My first job in the utility industry was as a cogeneration engineer with Pacific Gas and Electric Company (PG&E). PG&E was years behind schedule in getting its nuclear power plant Diablo Canyon online and needed new generation capacity quickly. My team’s job was to find good candidates for installing cogeneration and demonstrate to the customer the economics associated with making the investment.
A number of larger customers installed cogeneration units, and, by the late 1980s, PG&E was buying power from more than 2,500 MW of cogenerators — more capacity than Diablo Canyon! Many old timers were cynical, but the younger members on our team were optimistic that a distributed generation (DG) revolution was underway and would rapidly change the industry paradigm of centralized generation.
It didn’t happen. Low variable-cost nuclear power soon became available as Diablo Canyon came online, and PG&E’s interest in encouraging cogeneration waned. I moved on to a number of other jobs, and when I later heard a utility executive say that “distributed generation is always the next big thing, decade after decade” I chuckled and thought maybe he’s right.
The problem was that utilities built their systems with centralized generation for a reason – the principle of economies of scale. With the technologies available, it didn’t make sense for every customer to have its own power plant except when the customer’s heat loads were very closely matched to generation needs. Stand-alone DG without cogeneration typically had heat rates of 12,000 Btu/kWh or higher while centralized gas combined-cycle generators could get heat rates down to 8,000 Btu/kWh or lower.
A higher heat rate means you have to burn more fuel to get the same amount of power, so this placed DG at a big disadvantage to the larger utility power plants. And fuel costs for DG were higher too since owners of DG have to pay for the cost of gas distribution unlike utility power plants that typically take gas off a high-pressure transmission line, or, even worse, have to compete with coal units that have an even lower cost of fuel.
Only recently has the dynamic potentially changed thanks to the significant reduction in costs for distributed solar photovoltaic (PV) generation. Now in regions with good sunlight, high utility rates, and government incentives, PV installations can be funded through customer savings relative to the cost of utility power. And in some regions PV manufacturers are promising to be economic even without incentives. In California, overall distributed PV generation is about 2,000 MW or the equivalent of another Diablo Canyon.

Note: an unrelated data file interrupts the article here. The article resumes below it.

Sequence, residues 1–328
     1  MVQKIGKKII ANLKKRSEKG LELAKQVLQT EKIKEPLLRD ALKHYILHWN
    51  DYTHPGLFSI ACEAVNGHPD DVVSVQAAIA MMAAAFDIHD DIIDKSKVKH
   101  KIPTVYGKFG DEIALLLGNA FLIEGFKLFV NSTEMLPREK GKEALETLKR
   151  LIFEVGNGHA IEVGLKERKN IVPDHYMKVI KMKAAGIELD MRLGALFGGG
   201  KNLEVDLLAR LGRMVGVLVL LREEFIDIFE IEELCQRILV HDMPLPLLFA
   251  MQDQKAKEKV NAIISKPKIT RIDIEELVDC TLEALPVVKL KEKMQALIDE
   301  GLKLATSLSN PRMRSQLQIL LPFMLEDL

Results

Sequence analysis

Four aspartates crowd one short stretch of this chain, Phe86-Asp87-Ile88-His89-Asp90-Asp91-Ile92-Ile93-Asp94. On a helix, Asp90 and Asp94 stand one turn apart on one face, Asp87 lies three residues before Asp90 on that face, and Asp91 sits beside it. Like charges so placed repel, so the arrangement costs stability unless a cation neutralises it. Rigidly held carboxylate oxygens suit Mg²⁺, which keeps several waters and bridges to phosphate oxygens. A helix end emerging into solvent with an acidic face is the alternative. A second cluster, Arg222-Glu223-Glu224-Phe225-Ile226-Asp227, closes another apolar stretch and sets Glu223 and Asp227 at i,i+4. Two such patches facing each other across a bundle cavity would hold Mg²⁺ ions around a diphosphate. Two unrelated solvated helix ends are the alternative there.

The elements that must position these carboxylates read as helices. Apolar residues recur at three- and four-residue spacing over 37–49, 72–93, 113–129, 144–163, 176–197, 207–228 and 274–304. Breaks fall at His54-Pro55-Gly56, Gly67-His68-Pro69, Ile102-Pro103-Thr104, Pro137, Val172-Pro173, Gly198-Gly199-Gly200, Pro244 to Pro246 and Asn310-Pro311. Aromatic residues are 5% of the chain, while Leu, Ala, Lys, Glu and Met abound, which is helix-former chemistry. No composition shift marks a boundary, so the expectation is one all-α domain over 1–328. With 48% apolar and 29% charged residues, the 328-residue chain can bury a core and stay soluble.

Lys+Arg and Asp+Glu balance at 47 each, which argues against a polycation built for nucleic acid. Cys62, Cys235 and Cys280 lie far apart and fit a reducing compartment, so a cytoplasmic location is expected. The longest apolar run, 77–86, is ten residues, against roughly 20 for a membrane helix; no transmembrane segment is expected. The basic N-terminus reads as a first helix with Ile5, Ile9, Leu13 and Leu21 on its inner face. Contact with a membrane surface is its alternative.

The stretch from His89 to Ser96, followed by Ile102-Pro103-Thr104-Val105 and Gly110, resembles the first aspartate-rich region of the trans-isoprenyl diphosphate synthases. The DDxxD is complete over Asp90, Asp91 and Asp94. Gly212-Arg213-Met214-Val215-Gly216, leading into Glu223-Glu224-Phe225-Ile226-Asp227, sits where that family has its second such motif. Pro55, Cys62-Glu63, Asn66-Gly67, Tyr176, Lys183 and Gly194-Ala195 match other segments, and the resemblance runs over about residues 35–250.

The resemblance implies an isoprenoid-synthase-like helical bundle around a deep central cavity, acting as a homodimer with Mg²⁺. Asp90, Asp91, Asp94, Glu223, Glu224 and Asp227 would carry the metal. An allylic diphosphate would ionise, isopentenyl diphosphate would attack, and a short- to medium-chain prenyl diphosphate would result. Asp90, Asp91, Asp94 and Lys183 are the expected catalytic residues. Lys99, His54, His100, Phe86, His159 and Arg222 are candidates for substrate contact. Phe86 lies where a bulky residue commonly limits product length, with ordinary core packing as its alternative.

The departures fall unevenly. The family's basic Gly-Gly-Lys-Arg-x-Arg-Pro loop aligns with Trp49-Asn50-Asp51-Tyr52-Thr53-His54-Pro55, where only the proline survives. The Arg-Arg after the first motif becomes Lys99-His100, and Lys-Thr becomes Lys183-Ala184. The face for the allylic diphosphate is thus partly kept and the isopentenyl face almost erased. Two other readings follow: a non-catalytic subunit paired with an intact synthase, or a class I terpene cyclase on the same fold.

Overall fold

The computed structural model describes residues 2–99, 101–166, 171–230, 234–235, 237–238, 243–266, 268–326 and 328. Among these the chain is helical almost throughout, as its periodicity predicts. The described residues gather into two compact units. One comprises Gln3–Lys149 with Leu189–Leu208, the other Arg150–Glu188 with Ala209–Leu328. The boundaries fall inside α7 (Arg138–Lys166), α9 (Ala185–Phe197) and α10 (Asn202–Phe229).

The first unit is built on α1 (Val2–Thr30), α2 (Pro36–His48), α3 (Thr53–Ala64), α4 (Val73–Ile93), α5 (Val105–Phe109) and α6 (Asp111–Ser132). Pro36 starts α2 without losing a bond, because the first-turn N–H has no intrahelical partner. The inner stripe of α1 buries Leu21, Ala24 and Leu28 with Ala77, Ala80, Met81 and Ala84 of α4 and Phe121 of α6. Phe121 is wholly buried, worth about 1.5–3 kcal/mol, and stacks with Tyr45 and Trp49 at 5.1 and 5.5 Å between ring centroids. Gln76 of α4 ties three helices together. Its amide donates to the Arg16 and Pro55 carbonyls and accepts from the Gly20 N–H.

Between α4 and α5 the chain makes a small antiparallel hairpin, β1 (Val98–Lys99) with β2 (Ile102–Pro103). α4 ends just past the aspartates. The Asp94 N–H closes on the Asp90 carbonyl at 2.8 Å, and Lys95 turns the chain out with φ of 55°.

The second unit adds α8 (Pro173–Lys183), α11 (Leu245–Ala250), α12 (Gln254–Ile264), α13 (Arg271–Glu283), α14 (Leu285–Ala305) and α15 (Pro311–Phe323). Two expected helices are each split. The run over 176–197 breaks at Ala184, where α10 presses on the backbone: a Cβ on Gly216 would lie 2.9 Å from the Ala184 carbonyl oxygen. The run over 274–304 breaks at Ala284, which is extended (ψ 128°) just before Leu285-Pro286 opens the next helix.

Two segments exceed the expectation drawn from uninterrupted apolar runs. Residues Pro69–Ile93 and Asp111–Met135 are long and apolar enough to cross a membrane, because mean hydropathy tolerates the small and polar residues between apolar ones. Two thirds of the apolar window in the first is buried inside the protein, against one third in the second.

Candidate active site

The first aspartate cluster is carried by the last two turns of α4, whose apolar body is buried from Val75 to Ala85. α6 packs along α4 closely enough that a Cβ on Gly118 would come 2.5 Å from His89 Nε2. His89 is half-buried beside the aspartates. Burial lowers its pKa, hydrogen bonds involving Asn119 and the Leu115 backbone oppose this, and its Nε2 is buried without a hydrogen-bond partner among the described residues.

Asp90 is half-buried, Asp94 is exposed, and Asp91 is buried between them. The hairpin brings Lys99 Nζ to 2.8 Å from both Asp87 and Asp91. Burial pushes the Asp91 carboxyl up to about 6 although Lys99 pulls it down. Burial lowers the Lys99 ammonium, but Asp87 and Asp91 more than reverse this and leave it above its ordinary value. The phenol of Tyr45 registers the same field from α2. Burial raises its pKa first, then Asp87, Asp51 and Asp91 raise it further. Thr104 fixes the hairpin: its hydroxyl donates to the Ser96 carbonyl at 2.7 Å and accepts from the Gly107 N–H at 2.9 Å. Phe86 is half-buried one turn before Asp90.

Current distributed generation in the U.S. is approximately 5% of total generation. In a recent survey by Black and Veatch, utilities were asked the amount of distributed generation they expected to see by year 2020. About one-third of respondents expected 5% or less; over 40% expected 5 to 10%; just over 15% expected more than 10%; and 8% responded they didn’t know. So clearly utilities aren’t sold on the idea that change is coming quickly. But, had utilities been asked 10 years ago whether gas generation would surpass coal generation, most would have said no. And, as we’ve discussed elsewhere, that transformation is occurring.
So, besides the price tag, what are the barriers to more DG? The largest barriers involve regulatory and technical issues. The current electric distribution system is not designed for much DG, so grids will need to be redesigned and upgraded if DG is going to grow. And until that occurs, utilities may restrict the amount of DG connected to their systems. Other key issues include the price that customers are paid for power that flows back onto the grid and the price for stand-by service that customers pay so that the utility is able to serve the customer’s load when the DG system is down.
So whether we will see significant growth in DG in the near feature is debatable. In addition to the PV “wildcard”, numerous entrepreneurs are trying to create cost-effective DG using other technologies. Two interesting examples include the fuel-cell-based Bloom Box and design guru Dean Kamen’s Stirling Engine generator.
One thing we can say is that those closest to the industry often fail to see big changes until they are obvious, so while there is a lot of installed infrastructure that suggests our electric grid will stay mostly centralized, it is not implausible that a rapid DG revolution could occur.
1. Cogeneration is the production of electricity using steam created from waste heat from an industrial process or the use of steam from electric power generation as a source of heat. It is also often called Combined Heat and Power or CHP
2. For a discussion of PV cost reduction, see Enerdynamics’ Insider “Is the Photovoltaic Industry Living Up to Its Hype?” available at https://marketing.enerdynamics.com/Energy-Insider/2011/Q4Renewables.htm
3. See for instance: https://www.businessinsider.com/citi-the-solar-age-is-dawning-2013-5
4. See Black and Veatch 2013 Strategic Directions in the U.S. Electric Utility Industry, p. 44 available at: https://bv.com/reports/2013-electric-utility-report
5. See ibid, p. 44
7. See: https://www.bloomenergy.com
by Bob Shively, Enerdynamics President and Lead Instructor
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